EFE.- British government scientific adviser Patrick Valence warned on Wednesday that it was being monitored The prevalence in the UK is similar to the presence of a mutation in the coronavirus variant that has spread to South Africa, Which may make vaccines less effective.
After acquiring a mutation known as E484K, “It is somewhat more likely that the (virus) appears slightly different from the immune system, so we should monitor itValence said at a press conference.
“It is not surprising that this has happened. The same will happen in other places ”, the scientific advisor predicted, who Emphasized the importance of reducing the number of infections to reduce the likelihood of new dangerous mutations appearing at the same time.
English Public Health Agency (PHE) So far 21 cases of this mutation have been confirmed from the B117 virus variant, which is considered more infectious than the original version of SARS-CoV-2 And it was first detected in the south-east of the country last September.
The first samples of the E484K mutation have been identified in the Bristol region of western England, but also At least four have been collected in Manchester200 kilometers north of that city.
Also read: WHO advisors support the AstraZeneca vaccine for older adults and the South African version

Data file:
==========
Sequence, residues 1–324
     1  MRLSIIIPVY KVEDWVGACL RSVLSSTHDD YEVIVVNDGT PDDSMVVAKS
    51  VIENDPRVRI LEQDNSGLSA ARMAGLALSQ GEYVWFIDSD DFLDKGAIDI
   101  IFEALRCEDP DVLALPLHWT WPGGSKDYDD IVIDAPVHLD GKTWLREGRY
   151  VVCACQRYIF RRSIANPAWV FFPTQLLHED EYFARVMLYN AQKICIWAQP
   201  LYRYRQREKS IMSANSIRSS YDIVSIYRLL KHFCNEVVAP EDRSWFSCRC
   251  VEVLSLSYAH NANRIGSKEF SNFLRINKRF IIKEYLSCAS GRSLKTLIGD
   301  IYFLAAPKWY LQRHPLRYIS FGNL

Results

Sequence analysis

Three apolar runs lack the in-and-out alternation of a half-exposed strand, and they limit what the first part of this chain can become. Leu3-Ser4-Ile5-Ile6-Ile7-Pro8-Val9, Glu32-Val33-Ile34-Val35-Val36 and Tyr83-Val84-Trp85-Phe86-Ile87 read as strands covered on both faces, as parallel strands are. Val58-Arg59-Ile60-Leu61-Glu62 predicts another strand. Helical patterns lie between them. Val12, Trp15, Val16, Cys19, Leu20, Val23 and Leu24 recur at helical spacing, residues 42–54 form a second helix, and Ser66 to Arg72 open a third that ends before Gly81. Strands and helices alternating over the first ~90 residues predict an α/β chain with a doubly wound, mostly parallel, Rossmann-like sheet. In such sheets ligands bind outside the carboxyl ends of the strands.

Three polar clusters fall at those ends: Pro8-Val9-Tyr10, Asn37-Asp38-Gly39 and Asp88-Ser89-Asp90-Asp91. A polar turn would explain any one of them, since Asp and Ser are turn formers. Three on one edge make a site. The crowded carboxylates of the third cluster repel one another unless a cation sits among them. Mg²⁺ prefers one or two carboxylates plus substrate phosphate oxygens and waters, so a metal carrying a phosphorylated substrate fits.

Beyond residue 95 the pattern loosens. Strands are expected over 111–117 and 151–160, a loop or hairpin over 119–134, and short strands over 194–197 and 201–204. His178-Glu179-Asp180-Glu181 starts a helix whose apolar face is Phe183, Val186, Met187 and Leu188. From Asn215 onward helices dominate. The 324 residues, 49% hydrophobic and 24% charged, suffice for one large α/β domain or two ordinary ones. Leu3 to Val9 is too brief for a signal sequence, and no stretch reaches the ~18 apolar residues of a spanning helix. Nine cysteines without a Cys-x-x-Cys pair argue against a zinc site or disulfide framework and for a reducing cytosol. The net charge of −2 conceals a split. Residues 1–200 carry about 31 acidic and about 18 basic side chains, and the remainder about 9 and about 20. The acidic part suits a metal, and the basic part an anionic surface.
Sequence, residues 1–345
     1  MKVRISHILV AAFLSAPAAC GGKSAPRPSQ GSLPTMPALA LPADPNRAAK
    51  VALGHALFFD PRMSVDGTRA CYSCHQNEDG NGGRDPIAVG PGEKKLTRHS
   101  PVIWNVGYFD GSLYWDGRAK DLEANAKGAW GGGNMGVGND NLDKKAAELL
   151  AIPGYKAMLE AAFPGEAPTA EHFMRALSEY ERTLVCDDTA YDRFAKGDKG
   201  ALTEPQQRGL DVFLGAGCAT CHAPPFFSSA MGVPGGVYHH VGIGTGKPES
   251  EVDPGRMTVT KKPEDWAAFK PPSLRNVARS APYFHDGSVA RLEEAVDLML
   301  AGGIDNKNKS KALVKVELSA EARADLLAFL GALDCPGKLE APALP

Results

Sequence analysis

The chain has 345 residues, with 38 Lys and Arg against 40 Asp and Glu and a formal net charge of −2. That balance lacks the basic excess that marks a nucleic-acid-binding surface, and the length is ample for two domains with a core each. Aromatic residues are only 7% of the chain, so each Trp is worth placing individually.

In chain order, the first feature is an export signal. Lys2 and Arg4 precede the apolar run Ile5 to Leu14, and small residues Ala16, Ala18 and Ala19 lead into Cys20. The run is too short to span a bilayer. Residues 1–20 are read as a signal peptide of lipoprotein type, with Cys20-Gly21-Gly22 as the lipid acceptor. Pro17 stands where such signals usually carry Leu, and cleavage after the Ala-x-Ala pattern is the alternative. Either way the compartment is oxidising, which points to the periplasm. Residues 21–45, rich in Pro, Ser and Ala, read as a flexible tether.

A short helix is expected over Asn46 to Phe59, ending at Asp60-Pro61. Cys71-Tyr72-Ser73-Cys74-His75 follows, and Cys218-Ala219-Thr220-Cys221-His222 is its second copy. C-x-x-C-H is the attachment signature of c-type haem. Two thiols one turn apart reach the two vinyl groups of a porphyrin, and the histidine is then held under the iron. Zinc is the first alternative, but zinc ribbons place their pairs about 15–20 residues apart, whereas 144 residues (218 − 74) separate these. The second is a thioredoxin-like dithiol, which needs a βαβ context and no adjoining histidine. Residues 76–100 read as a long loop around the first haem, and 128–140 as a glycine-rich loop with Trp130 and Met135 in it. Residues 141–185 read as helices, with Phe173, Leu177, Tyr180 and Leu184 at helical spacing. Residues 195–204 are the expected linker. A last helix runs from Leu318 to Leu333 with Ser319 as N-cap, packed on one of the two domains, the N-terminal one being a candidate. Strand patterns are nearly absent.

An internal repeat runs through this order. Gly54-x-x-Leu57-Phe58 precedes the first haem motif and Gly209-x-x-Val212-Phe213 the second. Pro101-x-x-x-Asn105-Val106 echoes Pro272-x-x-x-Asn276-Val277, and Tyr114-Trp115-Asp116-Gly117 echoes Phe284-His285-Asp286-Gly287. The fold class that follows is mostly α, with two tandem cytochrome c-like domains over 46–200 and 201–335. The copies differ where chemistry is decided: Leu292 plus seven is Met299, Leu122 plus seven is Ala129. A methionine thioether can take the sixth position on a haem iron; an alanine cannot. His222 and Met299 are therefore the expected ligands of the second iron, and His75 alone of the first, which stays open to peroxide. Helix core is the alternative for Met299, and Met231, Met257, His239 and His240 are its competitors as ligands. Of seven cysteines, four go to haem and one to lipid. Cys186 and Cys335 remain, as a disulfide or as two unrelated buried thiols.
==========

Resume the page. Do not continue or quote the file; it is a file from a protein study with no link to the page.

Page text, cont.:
The United Kingdom is one of the countries that sequenced more genomes of the virus in search of mutations that could modify its behavior – it analyzes about 20,000 samples a week – and the rest of the countries need their genomics programs Help is offered to promote.
Given the risk of potentially distinguishable variants from the vaccine, The country will tighten its travel restrictions further by Monday and force people from all 33 countries to risk having a 10-day quarantine in a hotel.
More than 13 million British residents have already received at least one dose of the coronovirus vaccine and just over half a million have received a second injection.
British Prime Minister Boris Johnson celebrated today the World Health Organization (WHO) The vaccines produced by the pharmaceutical company AstraZeneca and the University of Oxford have supported the use in people over 65 years, And supported delaying the second dose of that preparation for twelve weeks, as the United Kingdom had already decided to do.